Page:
In Koko’s view, a zebra is a “white tiger,” Pinocchio is an “elephant baby,” and a mask is an “eye hat.” Seeing a horse with a wound in its mouth, Koko signs “Horse sad.” Why sad? I ask. “Teeth,” she replies.
When she sees a poster of Snowflake, the famous albino gorilla, resisting an upcoming bath, Koko signs, “Me cry there.” She hates baths, too.
Lesson: Vending Machine
Sometimes Koko, Michael, Ann, and I take a drive in my car. The gorillas sit in the back and gaze out at the landscape; other drivers rarely notice them. Sometimes Koko tries her hand at backseat driving and suddenly says, “Go there hurry go drink,” gesturing to a vending machine.
Cultural biases in IQ tests make them almost impossible to apply to Koko. One quiz asks, “Point to the two things that are good to eat”; the accompanying image shows a block, an apple, a flower, a shoe, and some ice cream. Koko picks the apple and the flower.
“Pick where you would go to shelter from the rain.” The image shows a hat, a tree, a spoon, and a house. Koko picks the tree, of course. The rules dictate that these responses must be marked as errors.
Koko appeared twice on the cover of National Geographic: first in October 1978, in a photo she took of herself in a mirror, and then in January 1985, with a story about her kitten All Ball.
Once Mike was groping for the sign that would persuade Ann to let him in and play with Koko, who was getting restless; “Do visit Mike hurry, Mike think hurry,” she signed to him through the wire fence, and “Koko good hug.” Mike finally signed “Koko” and Koko answered “Good know Mike.”
Koko and I have a striking conversation about the bite episode.
Me: “What did you do to Penny?”
(She’d called it a scratch.)
Me: “You admit?”
Koko: “Sorry bite scratch.”
(I show Koko the mark on my hand.)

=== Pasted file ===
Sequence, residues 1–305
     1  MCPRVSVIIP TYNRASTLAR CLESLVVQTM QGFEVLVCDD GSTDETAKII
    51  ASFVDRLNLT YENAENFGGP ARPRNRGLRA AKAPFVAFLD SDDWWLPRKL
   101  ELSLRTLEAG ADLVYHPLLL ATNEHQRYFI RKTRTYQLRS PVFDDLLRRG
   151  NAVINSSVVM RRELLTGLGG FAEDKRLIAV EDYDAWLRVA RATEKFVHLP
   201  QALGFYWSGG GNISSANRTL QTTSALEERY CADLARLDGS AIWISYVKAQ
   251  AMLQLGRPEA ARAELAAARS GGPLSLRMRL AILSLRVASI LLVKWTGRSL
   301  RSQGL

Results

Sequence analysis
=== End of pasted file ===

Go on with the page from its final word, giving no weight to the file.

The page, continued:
Koko: “Wrong bite.”
Me: “Why bite?”
Koko: “Because mad.”
Me: “Why mad?”
Koko: “Don’t know.”
Cynthia Gorney, of the National Geographic, interviewed Koko in 1985. When asked, “Are you an animal or a person?” Koko responded, “Fine animal gorilla.” At the end, Gorney asked Koko where gorillas go when they die. “Comfortable hole bye,” she said.
The episodes narrated in “Language Lessons” come from articles written by Francine Patterson, who taught sign language to Koko, for National Geographic.
The Voices of the Whales
- I’m interested in the language of animals.
- Whales, especially the humpback whale and the various subspecies of blue whale, are known to make repetitive sounds with different frequencies we consider to be songs.
- When we look at animals, we hope to find virtues we lack.
- Although sexual selection is thought to be their primary purpose, whale songs remain a mystery to scientists.
- The human body is a symphony. (Charles Ives)
- The universe is a symphony. (John Cage)
- Nothing suggests that whales are trying to communicate with us.
- The Sounds of Earth, the record coordinated by Carl Sagan that traveled into space on Voyagers I and II, includes:
“Melancholy Blues” by Louis Armstrong
a Navajo night chant
an image of a woman eating fruit in a supermarket
an image of a string quartet
a diagram of vertebrate evolution
a selection of Senegalese percussion
a Peruvian wedding song
an image of a cooking fish
volcanoes, cricket, frog, laughter, vital signs, gentle dog, footsteps, the flight of an F-111
greetings in fifty-five human languages
greetings of humpback whales
- What would aliens think of whales?
- The US Navy detected whale songs in the 1960s. Ten years passed before they were divulged to the general public.
- Nothing suggests that whales are trying to communicate with the general public.
- The tonal frequencies of whales diminish a few fractions of a hertz every year. Are they affected by noise pollution in the water? Have changing oceanic temperatures caused this drop? If their songs are a form of cultural expression, are whales victims of capitalism?
- There are whales in all the oceans in the world, but they spend so much time underwater that we know almost nothing about their routines.
- We know they sing and that’s enough.
- The voices of the whales will outlive us.